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Mid Week on Writers Abroad
Category: Site News
Tags: this week writers abroad

A little late, but here is a snapshot of what's happening on WA this week:

Laura has supplied us with lots of motivation for our Monday Musing, so if you need a little inspiration check them out.

Nicola's Blog on the use of English or American is promotoing lots of discussion. (And she's also updated her profile picture and is looking fab!)

Our WA meeting was very well chaired by Dianne on Sunday, the notes are up in the Meeting Room so if you couldn't attend, check them out for news on the WA Mag.

Alyson and Jill have submitted October Challenges, so if you have a mo, please provide some feedback - it's on my to-do list for today!

The Bragging Stool is being warmed by Paola who has yet another story published in The Oldie

And we're nearly into November, the drastic drop in temperature here has left us with heavy head colds so please excuse the rather dull summary. Happy Writing!

 

English vs American
Category: Writing

While most of my characters are English and my stories are usually set in the UK,  my publisher is American, my editor is American, and most of my readers are American (if my crappy sales on Amazon.co.uk are anything to go by.) Early on, my editor suggested (but in no way insisted) that I use American English. It’s never bothered me and not something I feel particularly strongly about, and so I agreed.

I’ve had to become aware of the differences between American English and what we speak back home. It’s not just spelling, like realised and realized, but also actual words. We have lifts, Americans have elevators, we have pavements they have sidewalks. Pubs are bars, cafes are diners, and boots are trunks.

And it goes deeper, to the food we eat and the way we celebrate certain festivals. Halloween for instance is a huge holiday in the US, not so much in the UK. Though that’s changing as we get bombarded by the influences from abroad.

The same with language. I watch so much American TV that I reckon I speak pretty good American now (though I don’t think that works so much the other way around—I don’t think Americans watch quite so much UK TV) and words are being integrated into everyday language all the time. I’ve got to the point when I’m not always sure whether something is “American” or if it’s “English.” Luckily, I have some American crit partners who are happy to point out the errors of my ways (What’s a jumper, Nicola?)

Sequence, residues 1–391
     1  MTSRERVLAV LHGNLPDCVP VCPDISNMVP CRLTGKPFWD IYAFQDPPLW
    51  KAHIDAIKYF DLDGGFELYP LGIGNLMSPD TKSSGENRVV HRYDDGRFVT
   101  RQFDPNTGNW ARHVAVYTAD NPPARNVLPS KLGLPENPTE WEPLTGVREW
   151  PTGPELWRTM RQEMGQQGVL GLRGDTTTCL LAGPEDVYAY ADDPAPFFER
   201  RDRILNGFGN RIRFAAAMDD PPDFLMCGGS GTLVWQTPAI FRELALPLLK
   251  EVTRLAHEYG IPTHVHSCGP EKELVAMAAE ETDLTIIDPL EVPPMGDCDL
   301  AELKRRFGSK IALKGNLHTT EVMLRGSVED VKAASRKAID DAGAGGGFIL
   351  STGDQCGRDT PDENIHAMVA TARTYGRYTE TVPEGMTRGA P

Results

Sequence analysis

Then this week I got my latest edits in for my third Brazen book, Taking Control. My editor said that I should add some English flavor and could I drop in a few typically English phrases here and there. It’s not that easy…it's a balance because it has to be things the American readers will recognize as British rather than things that make them think… what is she going on about?

I asked my American crit partners and they suggested “bangers and mash” but I just couldn’t fit it into the story. I’m still working on it…

So what do you think? Should we preserve the English language in all its unadulterated glory or would you be quite happy to have your English people riding in elevators or walking on sidewalks? 

This Week on Writers Abroad
Category: Site News

Knowledge Oasis School

May knowledge spout forth like a builders hose spraying sand off a concrete patio.  Another dramatic week at the Knowledge Oasis School unfolds. It turns out that the long-term staff, (pyramid plasterers), have successfully got rid of three Principals and are doing their best to oust the present one. We are all incarcerated in an unfinished block of flats overlooking a Shell petrol pump and a roundabout. Anyway, through the grid of a mobile phone mast I can see distant palms.

The staffroom is buzzes with Machiavellian intrigue. Pupils are dropping off like flies. One boy said that he prayed for a girl to leave and she did. My class was cancelled when they didn't show. A baldy sargeant major dominates morning assembly and yells at the new 'conscripts'. To be honest, it's very entertaining.

Turning to more peaceful pursuits, Vanessa's blog contains useful tips about public speaking and meeting the author. It is a remarkable achievement to write a novel, promote it at a book launch and scaringly give a presentation at the Parisot Literary festival. Well done, Vanessa.

Alyson has posted a link in Bits and Bobs from Prima magazine which is looking for stories about real-life experiences. Don't hold back on your overseas adventures.

Nicola's latest book is really going strong – huge congrats again for her prestigious and successful output.

Finally, Vesna has given us the opportunity to get writing with inspirational prompts. You can take your pick from architectural design, a parable about wealth and happiness, key words. There are various photos of a stunning pink tree, cutesy pug, empty shell, and Hollywood starlet making an impression. No time like the present to let the muse flow.

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Wednesday, October 29, 2014
Mid Week on Writers Abroad
Recent Blog Posts
English vs American
Posted by Nicola

While most of my characters are English and my stories are usually set in the UK,  my publisher is American, my editor is American, and...Read More

Rolling in the Aisles: Giving an Author Talk
Posted by Vanessa Couchman

I wouldn’t say they were exactly doing that at last weekend’s Parisot (SW France) Literary Festival, but I did make the audience laugh a few...Read More

Losing the Muse
Posted by Paola Fornari

Four weeks into our new posting in Accra, I came across this paragraph in a blog post:

 There are so many perks to this...Read More

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